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Development and operation of an electrically rechargeable zinc-air flow battery

Development and operation of an electrically rechargeable zinc-air flow battery
Development and operation of an electrically rechargeable zinc-air flow battery
Due to the limitations of present solutions, there is a demand for cost effective chemical energy storage for grid-scale applications. One promising example in development is the zinc-air flow battery, which could prove to be a key technology in ensuring energy security and the integration of renewable generation. Although the primary zinc-air chemistry is well studied and commercially available to progress the technology into a large-scale electrically rechargeable system requires significant development. Adapting the chemistry for suitability in large secondary systems has seen comparatively little attention and there are very few practical scale systems in operation. This thesis describes novel procedures for the fabrication of a gas diffusion electrodes suitable for use as a bifunctional oxygen electrode in alkaline secondary batteries. NiCo2O4 spinel catalyst was utilised as an alternative to precious metals in both carbon paper based and novel metal based gas diffusion electrodes. Air-electrodes were rapidly screened in a custom electrochemical lab scale half-cell. These electrodes were incorporated into a proof of concept zinc-air flow battery which could act as a preliminary design for future scale up. Electrodes up to 100 cm2 have be cycled for >24 hours operation at ≤50 mA cm-2. Balancing optimal operating conditions is presently a trade-off between many factors including durability/cycle life, electrochemical performance and electrode fabrication methods/cost. > 90% coulombic efficiently, > 60% voltage efficiency have been demonstrated with catalyst loadings of < 5 mg cm-2.
University of Southampton
Gorman, Scott Francis
165a7220-6829-4b26-ae4d-f8e80e6a0853
Gorman, Scott Francis
165a7220-6829-4b26-ae4d-f8e80e6a0853
Wills, Richard
60b7c98f-eced-4b11-aad9-fd2484e26c2c

Gorman, Scott Francis (2017) Development and operation of an electrically rechargeable zinc-air flow battery. University of Southampton, Doctoral Thesis, 284pp.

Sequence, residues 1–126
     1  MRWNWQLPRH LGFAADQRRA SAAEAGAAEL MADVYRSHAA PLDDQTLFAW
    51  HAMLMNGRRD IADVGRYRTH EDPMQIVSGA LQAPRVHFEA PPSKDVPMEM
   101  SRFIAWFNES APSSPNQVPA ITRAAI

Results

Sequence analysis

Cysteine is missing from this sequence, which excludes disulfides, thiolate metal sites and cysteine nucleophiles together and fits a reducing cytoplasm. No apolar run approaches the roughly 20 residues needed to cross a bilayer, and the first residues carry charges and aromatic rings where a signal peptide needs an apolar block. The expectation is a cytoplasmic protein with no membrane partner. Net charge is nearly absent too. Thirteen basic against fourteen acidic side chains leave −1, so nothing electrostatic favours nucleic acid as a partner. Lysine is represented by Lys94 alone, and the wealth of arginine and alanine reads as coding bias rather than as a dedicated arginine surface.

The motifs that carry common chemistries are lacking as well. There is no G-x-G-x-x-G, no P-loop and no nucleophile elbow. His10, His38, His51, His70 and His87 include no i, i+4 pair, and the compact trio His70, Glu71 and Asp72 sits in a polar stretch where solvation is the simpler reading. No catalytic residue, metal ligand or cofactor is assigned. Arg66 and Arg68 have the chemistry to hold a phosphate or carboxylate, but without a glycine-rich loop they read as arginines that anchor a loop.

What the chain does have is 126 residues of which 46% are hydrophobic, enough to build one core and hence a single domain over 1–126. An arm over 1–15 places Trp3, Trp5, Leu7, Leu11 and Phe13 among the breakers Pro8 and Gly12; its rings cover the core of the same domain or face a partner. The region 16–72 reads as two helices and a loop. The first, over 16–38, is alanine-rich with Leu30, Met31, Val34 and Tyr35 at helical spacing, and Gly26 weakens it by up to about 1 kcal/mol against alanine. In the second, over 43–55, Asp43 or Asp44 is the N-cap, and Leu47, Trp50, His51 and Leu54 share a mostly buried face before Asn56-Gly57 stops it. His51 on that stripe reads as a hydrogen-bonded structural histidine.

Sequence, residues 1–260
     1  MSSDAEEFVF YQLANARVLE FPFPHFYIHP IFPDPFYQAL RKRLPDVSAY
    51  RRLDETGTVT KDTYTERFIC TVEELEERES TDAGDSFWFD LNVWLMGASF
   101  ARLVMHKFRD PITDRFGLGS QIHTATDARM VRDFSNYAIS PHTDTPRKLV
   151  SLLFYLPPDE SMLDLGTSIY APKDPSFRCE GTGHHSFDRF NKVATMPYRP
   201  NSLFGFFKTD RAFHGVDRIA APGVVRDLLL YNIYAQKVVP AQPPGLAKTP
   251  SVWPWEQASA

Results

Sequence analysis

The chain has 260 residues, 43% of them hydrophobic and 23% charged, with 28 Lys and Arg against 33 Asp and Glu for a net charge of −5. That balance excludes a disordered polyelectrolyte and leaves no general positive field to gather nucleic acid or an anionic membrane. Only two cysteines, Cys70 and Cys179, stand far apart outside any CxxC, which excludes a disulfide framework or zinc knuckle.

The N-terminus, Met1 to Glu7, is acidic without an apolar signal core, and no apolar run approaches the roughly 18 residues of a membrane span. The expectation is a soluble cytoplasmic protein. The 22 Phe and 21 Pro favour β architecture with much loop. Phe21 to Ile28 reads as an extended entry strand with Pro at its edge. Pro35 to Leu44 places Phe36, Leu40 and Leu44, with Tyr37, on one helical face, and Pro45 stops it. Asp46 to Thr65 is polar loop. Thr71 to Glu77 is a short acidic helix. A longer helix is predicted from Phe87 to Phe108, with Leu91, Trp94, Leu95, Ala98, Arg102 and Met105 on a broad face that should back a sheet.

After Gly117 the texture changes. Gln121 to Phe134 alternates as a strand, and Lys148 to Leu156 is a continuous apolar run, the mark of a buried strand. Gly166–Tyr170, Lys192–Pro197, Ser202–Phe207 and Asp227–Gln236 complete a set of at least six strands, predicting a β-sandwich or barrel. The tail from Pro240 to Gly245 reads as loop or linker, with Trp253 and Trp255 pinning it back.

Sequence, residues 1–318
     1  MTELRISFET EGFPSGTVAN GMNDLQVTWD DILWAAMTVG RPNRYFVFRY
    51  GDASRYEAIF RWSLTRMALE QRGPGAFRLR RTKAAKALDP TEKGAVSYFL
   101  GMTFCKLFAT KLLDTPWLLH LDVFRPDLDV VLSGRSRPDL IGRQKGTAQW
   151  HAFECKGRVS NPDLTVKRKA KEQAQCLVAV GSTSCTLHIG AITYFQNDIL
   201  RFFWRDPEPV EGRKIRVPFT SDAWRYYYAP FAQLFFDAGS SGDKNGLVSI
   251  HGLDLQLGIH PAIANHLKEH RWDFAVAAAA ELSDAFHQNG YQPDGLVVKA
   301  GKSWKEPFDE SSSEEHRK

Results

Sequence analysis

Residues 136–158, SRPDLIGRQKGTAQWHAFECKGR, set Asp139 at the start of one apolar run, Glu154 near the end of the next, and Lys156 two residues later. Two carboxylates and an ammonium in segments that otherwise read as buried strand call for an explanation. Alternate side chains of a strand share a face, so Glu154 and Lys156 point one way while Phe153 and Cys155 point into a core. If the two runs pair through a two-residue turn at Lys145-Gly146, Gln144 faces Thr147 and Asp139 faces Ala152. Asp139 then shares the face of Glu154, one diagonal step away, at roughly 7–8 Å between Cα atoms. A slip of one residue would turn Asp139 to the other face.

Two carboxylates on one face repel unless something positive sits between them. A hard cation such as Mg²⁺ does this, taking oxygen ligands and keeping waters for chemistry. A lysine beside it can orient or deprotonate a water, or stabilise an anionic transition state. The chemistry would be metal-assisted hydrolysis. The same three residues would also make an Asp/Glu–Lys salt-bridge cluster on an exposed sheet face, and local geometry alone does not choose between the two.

Record type: Thesis (Doctoral)

Abstract

Due to the limitations of present solutions, there is a demand for cost effective chemical energy storage for grid-scale applications. One promising example in development is the zinc-air flow battery, which could prove to be a key technology in ensuring energy security and the integration of renewable generation. Although the primary zinc-air chemistry is well studied and commercially available to progress the technology into a large-scale electrically rechargeable system requires significant development. Adapting the chemistry for suitability in large secondary systems has seen comparatively little attention and there are very few practical scale systems in operation. This thesis describes novel procedures for the fabrication of a gas diffusion electrodes suitable for use as a bifunctional oxygen electrode in alkaline secondary batteries. NiCo2O4 spinel catalyst was utilised as an alternative to precious metals in both carbon paper based and novel metal based gas diffusion electrodes. Air-electrodes were rapidly screened in a custom electrochemical lab scale half-cell. These electrodes were incorporated into a proof of concept zinc-air flow battery which could act as a preliminary design for future scale up. Electrodes up to 100 cm2 have be cycled for >24 hours operation at ≤50 mA cm-2. Balancing optimal operating conditions is presently a trade-off between many factors including durability/cycle life, electrochemical performance and electrode fabrication methods/cost. > 90% coulombic efficiently, > 60% voltage efficiency have been demonstrated with catalyst loadings of < 5 mg cm-2.

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Scott Gorman Thesis corrected 2017 - Version of Record
Available under License University of Southampton Thesis Licence.
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Published date: February 2017

Identifiers

Local EPrints ID: 416630
URI: http://eprints.soton.ac.uk/id/eprint/416630
PURE UUID: 0da805b2-3974-4e8a-bba6-597d55d08215
ORCID for Richard Wills: ORCID iD orcid.org/0000-0002-4805-7589

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Date deposited: 03 Jan 2018 17:31
Last modified: 03 May 2020 00:28

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Contributors

Author: Scott Francis Gorman
Thesis advisor: Richard Wills ORCID iD

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